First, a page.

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I don't really understand the process for establishing what "the halacha" is in a particular case. I know that there are rules in the talmud to decide whom the halacha follows when there are particular parties involved, but I don't know all the rules and I don't see how they work in every case.

In masechet brachot, 30a, there is the following mishna (about whether one has to daven mussaf on his own) " ר' אלעזר בן עזריה אומר אין תפלת המוספין אלא בחבר עיר וחכ"א בחבר עיר ושלא בחבר עיר ר' יהודה אומר משמו כל מקום שיש שם חבר עיר יחיד פטור מתפלת המוספין"

Two opinions are given, the Chachamim and R. Elazar Ben Azaryah. The gemara points out that there are actually 2 versions of R. Elazar Ben Azaryah's statement, one filtered through R. Yehudah.

The section continues with "א"ר הונא בר חיננא אמר ר' חייא בר רב הלכה כר' יהודה " that the halacha accords with R. Yehudah's version of the statement and corroborates the ruling (through R. Chiya and Shmuel) The gemara continues to cite R. Yannai who, disagreeing with that ruling, practiced like the Chachamim, before returning to give another example of an Amora who ruled in the same way as R. Huna et al.

This seems fine except for one thing -- the halacha seems to follow the Chachamim (and R. Yannai). The little letter chaf next to that opinion in the mishna (5 lines from the bottom) indicates that the halacha (as published in the S"A, O"C 286:2) and our normative established practice is not at all what R. Elazar Ben Azaryah said, with or without the framing of R. Yehudah.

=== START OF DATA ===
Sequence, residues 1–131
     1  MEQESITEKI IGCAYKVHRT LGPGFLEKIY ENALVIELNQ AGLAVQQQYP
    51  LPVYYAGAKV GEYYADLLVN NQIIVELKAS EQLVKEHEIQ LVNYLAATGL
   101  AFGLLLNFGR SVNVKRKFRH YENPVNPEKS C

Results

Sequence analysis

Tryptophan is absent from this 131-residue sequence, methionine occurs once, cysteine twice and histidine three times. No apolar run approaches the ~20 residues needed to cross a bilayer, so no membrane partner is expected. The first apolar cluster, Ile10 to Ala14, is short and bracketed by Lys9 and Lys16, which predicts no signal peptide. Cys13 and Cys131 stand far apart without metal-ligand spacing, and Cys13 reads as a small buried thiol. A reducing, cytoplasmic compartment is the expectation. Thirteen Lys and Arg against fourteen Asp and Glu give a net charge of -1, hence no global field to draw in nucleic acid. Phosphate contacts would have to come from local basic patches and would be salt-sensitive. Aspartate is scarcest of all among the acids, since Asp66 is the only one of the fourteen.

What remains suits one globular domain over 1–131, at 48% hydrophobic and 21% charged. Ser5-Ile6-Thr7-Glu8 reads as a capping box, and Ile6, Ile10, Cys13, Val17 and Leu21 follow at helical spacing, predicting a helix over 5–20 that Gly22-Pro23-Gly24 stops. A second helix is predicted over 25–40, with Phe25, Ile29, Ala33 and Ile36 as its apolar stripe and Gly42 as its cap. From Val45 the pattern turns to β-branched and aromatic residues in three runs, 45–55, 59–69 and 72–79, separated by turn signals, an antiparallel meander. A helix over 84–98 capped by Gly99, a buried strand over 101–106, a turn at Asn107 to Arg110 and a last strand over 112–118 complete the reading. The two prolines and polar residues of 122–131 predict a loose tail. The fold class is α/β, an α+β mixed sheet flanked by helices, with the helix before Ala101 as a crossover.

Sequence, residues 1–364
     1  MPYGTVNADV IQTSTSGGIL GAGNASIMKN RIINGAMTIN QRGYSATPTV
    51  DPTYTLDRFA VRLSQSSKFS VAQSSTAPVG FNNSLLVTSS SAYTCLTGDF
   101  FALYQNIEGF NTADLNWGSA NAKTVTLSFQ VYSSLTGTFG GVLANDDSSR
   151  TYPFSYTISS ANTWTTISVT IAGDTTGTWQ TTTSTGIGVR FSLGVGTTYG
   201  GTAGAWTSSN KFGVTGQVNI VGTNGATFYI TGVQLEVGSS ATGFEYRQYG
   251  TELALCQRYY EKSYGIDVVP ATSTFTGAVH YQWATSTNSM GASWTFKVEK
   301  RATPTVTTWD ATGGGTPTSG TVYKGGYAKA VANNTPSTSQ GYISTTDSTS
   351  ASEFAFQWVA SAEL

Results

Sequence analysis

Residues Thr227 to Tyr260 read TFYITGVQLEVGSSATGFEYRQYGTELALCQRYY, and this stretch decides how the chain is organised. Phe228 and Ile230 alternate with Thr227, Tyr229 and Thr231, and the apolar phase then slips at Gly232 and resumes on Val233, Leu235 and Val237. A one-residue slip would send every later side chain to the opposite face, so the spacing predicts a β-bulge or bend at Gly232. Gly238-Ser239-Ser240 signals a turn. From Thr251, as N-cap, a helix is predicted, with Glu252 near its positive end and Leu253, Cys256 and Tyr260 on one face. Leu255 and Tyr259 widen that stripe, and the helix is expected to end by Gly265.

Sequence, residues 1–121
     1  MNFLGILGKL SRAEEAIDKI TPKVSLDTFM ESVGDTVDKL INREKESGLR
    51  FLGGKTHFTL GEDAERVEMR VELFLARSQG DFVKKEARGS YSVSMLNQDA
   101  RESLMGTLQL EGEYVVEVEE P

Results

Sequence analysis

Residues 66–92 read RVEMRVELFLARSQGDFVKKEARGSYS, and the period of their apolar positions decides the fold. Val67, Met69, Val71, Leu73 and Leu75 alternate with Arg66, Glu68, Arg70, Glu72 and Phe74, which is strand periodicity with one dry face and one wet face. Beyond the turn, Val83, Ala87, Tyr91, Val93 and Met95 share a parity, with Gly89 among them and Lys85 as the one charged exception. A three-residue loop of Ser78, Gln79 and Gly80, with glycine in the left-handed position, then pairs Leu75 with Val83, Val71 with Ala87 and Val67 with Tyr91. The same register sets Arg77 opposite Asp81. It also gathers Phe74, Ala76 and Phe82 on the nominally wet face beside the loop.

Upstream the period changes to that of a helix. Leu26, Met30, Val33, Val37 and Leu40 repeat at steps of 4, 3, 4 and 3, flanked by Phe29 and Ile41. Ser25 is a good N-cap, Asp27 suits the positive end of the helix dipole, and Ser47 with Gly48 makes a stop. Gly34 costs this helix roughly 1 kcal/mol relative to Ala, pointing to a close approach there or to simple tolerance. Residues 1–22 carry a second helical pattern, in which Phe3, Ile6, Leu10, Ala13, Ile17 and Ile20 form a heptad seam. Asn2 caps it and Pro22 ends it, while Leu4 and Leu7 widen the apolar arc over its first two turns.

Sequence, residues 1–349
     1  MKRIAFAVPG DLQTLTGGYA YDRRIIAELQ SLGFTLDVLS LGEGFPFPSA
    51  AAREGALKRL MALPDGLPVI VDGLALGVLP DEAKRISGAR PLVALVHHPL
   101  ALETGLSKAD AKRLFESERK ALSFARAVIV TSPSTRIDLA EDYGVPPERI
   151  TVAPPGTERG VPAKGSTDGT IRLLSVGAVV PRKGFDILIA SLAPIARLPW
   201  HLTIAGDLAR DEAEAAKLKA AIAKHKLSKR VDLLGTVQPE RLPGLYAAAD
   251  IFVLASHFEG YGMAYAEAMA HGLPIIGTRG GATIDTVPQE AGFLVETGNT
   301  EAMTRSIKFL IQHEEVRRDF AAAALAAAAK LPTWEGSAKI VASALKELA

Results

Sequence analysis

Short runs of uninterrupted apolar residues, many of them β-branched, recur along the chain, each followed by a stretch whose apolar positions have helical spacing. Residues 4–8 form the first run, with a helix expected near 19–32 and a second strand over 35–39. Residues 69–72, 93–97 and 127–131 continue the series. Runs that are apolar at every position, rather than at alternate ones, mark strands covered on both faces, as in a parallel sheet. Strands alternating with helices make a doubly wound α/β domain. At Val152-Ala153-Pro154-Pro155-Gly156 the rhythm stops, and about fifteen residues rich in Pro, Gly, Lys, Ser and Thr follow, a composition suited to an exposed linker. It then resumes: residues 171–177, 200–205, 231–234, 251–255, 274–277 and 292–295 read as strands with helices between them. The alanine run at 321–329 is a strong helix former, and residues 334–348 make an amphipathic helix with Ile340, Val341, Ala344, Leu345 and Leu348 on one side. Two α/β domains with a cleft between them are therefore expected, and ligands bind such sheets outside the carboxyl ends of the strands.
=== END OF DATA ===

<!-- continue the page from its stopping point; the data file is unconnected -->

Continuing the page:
I don't know the rule that would allow the singular voice of R. Yehuda to hold sway over the Chachamim, but I'm more curious about how later authorities can decide that the halacha doesn't go along with what the plurality quoted in the gemara explicitly said the halacha is (and that position, while challenged, is never refuted). What is the value of quoting "R. X says halacha k..." if it isn't establishing that the rule follows that position? When there are multiple opinions cited in the gemara and a plurality of voices seem to support one view, how does a rule get codified in accordance with another view?

Any insight would be appreciated.

  • Some ideas: 1) R Yanai is cited last (in the primary section at least), 2) R Yanai actually practiced accd to his view, 3) R Yanai explicitly reprimanded someone for holding otherwise 4) (main point) there is a story cited after of RCBA praying twice which can be taken to corroborate R Yanai and be the final position mentioned. – Double AA Mar 15 '15 at 3:25
  • But Shmuel practiced according to the other view and RCBA explains that he was repeating because he forgot Yaaleh Vyavo - his davening alone might or might not fall in line with Chachamim, depending on whether there was a minyan available. If none was, then he might hold like R. Yehudah's version. Also, though I don't know what the "primary section" is, is there a rule that the last opinion is adopted as the halacha? – rosends Mar 15 '15 at 3:34
  • This is an amazing question. I'm dying to know the answer. I hope someone will start a heroic bounty. – SAH Mar 16 '15 at 15:07

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